Moon Shot, take Ⅱ

The quarter moon offers much more contrast than a full moon, and this time I used a telephoto lens: Canon EF-S 55–250mm f/4–5.6 lens on its longest position.  I used the Canon 70D on a tripod, ISO 100, 1/160 at f/5.6 ×3 exposures.

Quarter Moon

It’s difficult to get focused, and about 1/3 of the bursts were out of focus even though I used the touch screen “Live View” to indicate what to focus on.

The lens has optical stabilization, but I suspect it’s turned off automatically if the steadiness of a tripod is detected, as that is a feature listed on some lenses. Unfortunately faster exposure times were subject to blurring anyway. I didn’t bother to use a remote shutter release, but that might help. I don’t know if this is (usual) vibration of the camera lens, or caused by atmospheric turbulence making the image move around. f/5.6 is the fastest aperture at the 250mm end of the zoom, which is also the size where diffraction starts to be noticeable.

Exposure-wise, 1/40 second still (only barely) has no clipping, so would be the optimum for ETTR to capture the most detail and least noise. 1/125 is the good-looking natural exposure, and at 1/640 it shows visible noise.

I improved the contrast by using the “highlight” slider as well as the overall “exposure” slider in Adobe Camera Raw. The difference between the limb and the terminator was still vastly different lighting, and bringing out better the rays of Kepler would darken the terminator and bring the shadow farther in to make more of a crescent than a quarter. So I used “curves”, leaving the darks alone and changing the contrast of the mid-to-bright.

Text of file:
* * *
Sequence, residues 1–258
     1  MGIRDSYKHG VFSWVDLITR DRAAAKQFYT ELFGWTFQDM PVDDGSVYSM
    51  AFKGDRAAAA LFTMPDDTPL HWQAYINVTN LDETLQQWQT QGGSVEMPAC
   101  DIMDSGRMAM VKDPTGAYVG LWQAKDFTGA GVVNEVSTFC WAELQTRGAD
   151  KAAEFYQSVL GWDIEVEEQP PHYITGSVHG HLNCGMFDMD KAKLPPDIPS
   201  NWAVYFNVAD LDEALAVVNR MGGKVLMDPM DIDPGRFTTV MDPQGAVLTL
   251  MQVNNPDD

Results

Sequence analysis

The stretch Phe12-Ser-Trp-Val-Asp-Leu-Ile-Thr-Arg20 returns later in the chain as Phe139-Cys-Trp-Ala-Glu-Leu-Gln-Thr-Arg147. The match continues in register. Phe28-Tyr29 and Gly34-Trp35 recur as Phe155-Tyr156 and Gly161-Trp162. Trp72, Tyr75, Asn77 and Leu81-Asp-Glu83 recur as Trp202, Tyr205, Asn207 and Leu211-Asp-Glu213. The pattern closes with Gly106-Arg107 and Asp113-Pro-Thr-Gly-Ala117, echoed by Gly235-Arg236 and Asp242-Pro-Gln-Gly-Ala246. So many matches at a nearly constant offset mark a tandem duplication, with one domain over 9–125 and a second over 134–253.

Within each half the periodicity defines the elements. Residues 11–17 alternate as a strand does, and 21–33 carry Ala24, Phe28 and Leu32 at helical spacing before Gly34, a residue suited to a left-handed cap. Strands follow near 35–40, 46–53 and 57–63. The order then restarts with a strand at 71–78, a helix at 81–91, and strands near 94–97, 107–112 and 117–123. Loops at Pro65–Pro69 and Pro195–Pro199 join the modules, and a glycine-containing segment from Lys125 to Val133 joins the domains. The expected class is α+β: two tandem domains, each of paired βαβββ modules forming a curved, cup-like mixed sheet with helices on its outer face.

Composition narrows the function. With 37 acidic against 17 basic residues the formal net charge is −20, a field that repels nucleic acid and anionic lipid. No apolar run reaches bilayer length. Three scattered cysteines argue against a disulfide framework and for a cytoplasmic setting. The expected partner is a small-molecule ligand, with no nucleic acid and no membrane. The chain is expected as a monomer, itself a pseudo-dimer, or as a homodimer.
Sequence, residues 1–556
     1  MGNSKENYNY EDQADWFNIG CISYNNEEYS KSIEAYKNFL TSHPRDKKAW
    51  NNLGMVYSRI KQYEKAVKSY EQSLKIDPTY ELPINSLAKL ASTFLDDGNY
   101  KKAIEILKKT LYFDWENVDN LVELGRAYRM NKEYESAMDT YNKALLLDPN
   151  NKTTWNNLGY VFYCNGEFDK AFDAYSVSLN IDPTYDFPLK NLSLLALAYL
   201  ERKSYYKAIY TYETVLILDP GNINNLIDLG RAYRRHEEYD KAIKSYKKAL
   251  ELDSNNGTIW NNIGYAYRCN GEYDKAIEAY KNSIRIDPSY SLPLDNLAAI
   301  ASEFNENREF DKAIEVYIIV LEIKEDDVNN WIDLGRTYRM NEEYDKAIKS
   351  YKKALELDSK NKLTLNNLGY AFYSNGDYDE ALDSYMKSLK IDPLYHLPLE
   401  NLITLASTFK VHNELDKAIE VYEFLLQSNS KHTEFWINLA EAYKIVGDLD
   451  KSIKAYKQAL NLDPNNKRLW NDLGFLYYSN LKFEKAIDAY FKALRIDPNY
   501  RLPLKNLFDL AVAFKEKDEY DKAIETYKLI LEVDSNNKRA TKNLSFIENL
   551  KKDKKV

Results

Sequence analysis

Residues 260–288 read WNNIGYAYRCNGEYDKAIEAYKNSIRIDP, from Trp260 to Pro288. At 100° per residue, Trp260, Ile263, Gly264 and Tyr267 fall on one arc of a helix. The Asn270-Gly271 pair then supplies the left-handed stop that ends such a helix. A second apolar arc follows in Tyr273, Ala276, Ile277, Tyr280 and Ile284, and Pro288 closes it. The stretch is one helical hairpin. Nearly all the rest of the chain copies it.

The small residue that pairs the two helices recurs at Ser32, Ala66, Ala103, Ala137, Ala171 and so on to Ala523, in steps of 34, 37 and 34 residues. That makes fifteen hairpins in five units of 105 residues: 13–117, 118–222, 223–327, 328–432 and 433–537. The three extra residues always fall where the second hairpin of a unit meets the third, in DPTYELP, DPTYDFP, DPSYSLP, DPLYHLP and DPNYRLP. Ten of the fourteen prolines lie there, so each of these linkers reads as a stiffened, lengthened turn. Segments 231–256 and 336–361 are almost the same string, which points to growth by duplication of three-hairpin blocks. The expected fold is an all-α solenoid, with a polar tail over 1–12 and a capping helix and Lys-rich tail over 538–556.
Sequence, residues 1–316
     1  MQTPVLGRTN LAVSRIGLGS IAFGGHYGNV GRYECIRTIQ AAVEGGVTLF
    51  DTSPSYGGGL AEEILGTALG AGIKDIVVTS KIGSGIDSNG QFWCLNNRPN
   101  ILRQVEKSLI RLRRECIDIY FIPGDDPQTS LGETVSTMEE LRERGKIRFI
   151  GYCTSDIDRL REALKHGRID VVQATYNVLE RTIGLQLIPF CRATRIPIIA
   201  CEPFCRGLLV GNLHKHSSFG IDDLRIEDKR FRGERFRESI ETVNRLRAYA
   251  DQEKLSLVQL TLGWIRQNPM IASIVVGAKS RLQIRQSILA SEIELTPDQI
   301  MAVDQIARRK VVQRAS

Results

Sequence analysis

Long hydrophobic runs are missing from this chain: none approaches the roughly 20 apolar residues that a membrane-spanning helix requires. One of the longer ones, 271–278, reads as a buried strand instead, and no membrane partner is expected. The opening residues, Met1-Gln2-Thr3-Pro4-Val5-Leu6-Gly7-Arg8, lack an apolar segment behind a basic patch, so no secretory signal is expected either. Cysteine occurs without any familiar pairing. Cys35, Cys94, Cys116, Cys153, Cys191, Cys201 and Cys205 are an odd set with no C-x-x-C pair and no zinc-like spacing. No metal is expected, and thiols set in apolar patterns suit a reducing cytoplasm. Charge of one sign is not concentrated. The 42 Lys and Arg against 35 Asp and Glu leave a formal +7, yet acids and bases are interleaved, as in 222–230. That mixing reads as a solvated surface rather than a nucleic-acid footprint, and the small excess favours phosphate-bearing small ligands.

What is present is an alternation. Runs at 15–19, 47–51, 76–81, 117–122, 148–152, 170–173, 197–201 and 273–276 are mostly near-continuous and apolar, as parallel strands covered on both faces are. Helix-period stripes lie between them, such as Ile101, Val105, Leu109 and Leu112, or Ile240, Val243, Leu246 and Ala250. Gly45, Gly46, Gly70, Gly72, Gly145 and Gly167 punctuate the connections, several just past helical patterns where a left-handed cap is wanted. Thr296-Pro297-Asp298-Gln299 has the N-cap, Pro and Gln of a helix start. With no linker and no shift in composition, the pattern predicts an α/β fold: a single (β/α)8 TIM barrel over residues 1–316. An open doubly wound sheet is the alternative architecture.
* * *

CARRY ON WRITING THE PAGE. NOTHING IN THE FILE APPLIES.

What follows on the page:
The color is as-shot, with no white balance adjustment or B&W conversions.  The underexposed pictures came out brown, and the bright ones are very neutral.

I merged three exposures as follows:

  • Cancel all adjustments made in Lightroom while evaluating the exposures.  Noise reduction is turned all the way off, but sharpening is left as proper for the basic “developing”.
  • Transfer the burst to Photoshop as layers
  • Double the resolution
  • Auto-align the layers, specifying “reposition only”.  Leaving it on auto can make PS complain that it can’t find anything.
  • Use the stacking mode Median or Mean, whichever works better.  For longer bursts the Median gets rid of outliers, but for low-noise images Mean is more accurate.
  • Rasterize the stack.

The doubling of the resolution allows for alignment to half a pixel in the original images, and combining exposures this way actually increases resolution as well as removes noise.  With non-noisy images, the increase in clarity is due to the “dithering” of different exposures.

After combining the original exposures, then adjust the exposure, apply noise reduction, and so on.  This is easily done using Adobe Camera Raw as a (smart) filter in Photoshop.

Now sharpening is also done in the Adobe Camera Raw filter, at the same time as the other adjustments.  Because the resolution was doubled and the image is not pixel-sharp to begin with, a large radius value is warranted.  I set it to 3, which allows more aggressive processing without introducing fake detail from noise.

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